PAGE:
We All Bleed Red
“We all bleed red.” They say in the protests on the streets. Those in the Black Lives Matter movement. Those protesting the killings of the black men, black women, black children.
I watched the videos. Some I wish I could un-see, but I know to understand the horror, you have to see it.
The blood that slowly seeped into Philando Castille’s white t-shirt as he laid dying at gunpoint for a broken taillight, or a wide set nose–it was red.
The blood that stained the street from the broken femurs of the Frenchmen, the children on the ground in Nice that were hit by a truck–it was indistinguishable from Mr. Castille’s, it was red.
The white latex gloves on the black hands of the trauma surgeon in Dallas trying to save the lives of the police officers, ambushed while serving–they were stained red.
The drag marks, left by the leaking bullet holes from the bodies, as their friends, or strangers, pulled them from the Bataclan Theater in the back alley, gunshots still audible–they were red.
The floor of the Emanuel African Methodist Church in Charleston, South Carolina, where nine church members were gathered to pray, was stained red with their blood–the same color as the confederate flag that hung at the Capitol Building. The same color as the single rose that adorned the desk of State Senator, Clementa Pinckney, the day after his blood stained that same church floor.
The blood that dripped from the the forty nine bodies that did not make it out of Pulse nightclub on Latin night at one of Orlando’s best known gay clubs–it too, was red.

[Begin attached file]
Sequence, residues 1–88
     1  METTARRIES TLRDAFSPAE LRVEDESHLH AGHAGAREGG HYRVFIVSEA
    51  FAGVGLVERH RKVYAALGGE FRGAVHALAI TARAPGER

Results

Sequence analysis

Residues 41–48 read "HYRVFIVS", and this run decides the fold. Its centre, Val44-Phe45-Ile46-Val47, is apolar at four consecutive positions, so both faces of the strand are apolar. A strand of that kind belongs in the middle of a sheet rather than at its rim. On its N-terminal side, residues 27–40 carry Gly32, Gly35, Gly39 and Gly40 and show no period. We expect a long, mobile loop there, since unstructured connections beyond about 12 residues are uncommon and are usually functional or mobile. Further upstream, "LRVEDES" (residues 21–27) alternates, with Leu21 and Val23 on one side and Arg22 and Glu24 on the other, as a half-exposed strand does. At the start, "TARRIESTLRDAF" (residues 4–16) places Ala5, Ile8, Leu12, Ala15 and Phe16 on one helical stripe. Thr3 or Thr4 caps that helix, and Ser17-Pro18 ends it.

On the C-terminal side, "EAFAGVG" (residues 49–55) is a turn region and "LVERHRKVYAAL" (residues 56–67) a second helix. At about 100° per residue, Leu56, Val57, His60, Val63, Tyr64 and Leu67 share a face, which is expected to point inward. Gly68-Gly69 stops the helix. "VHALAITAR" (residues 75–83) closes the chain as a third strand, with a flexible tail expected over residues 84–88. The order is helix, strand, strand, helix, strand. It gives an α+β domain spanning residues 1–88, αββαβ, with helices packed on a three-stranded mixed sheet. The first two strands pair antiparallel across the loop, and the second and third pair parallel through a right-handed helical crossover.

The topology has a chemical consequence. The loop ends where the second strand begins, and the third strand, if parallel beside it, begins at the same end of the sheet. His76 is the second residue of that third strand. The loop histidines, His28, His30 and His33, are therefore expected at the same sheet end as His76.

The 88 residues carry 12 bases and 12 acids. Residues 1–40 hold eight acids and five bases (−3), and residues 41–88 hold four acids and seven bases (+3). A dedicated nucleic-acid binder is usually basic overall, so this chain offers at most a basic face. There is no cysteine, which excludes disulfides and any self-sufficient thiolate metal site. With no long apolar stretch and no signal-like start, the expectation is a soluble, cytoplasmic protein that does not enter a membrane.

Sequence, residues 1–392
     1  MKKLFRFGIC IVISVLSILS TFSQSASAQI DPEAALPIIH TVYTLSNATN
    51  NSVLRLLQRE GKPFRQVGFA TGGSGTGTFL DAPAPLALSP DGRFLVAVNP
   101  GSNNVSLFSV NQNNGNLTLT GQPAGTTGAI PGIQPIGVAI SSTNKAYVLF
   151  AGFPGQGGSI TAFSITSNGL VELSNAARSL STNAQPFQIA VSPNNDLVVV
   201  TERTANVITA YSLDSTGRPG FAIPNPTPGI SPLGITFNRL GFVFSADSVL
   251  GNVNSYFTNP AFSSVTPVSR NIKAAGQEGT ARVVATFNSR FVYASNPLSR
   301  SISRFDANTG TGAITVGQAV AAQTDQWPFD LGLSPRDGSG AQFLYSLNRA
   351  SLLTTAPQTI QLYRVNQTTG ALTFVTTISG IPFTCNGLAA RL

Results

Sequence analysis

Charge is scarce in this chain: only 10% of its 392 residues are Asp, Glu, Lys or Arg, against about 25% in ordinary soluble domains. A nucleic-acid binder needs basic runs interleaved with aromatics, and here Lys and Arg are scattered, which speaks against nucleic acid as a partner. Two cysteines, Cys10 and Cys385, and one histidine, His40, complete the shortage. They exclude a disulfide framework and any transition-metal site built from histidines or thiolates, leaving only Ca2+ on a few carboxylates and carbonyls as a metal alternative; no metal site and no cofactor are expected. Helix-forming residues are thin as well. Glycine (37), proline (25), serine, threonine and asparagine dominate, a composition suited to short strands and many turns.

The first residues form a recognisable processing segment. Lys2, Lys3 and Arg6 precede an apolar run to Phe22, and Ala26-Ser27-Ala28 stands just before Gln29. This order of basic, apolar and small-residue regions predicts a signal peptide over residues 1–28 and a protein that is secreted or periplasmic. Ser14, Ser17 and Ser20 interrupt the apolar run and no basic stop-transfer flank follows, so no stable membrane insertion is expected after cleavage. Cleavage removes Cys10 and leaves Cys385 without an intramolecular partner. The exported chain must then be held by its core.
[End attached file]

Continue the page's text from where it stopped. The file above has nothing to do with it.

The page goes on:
The dozens of people bleeding out in the South Sudan refugee camp from a mysterious illness that scientists can’t identify and can’t treat, much like ebola, but not–their blood on the dusty, war-torn ground is red.
“We all bleed red,” they say.
I spend a large portion of my life in doctor’s offices, in hospitals, and lately, in an infusion center.
Patients line the walls seated in recliners, hooked up to pumps attached to wheels. Needles in our arms or our chests turn to clear tubing that run up into rhythmically beeping pumps with bottles and bags of chemo and fluids and even red blood.
We have one bathroom, so when we need to go, we have to get up, unplug our pumps and try to walk to the bathroom. Sometimes there’s a line of people attached to pumps waiting for their turn, hanging on to the walls for support. Sometimes one of us will pass out. So we all try to let each other go first when we know we can stand a little longer.
We have a blanket warmer, but it can only fit a few blankets at a time. So when we get one, we replace it with a new one for the next person.
We bring water to the person sitting next to us who can’t get up to get his own.
We give tips on how to get through the symptoms that are surely coming.
We are a team–each fighting a different battle, but we fight together.
I have learned that at some point, all of us will end up in these recliners. We all will get sick and die–and if we are lucky, it will be when we are old and comfortable in our beds with a lifetime of experiences behind us. But, nothing we do will let us escape the reality that we all end up in the same place in the end.
And since I have been in the infusion center recliner, the things that once separated me from others no longer do.
We are black. We are white. We are hispanic. We are poor. We are rich. We have insurance. We don’t. We are old. We are young. Some of us die. Some of us survive.
We have become one, these patients and I.
No matter what medication we have hanging in those bags on the intravenous poles, that connect to those beeping pumps, that run down through those clear tubes to those needles in our arms–It all hits our blood. The same, warm, bright red blood.
You see, we all bleed red.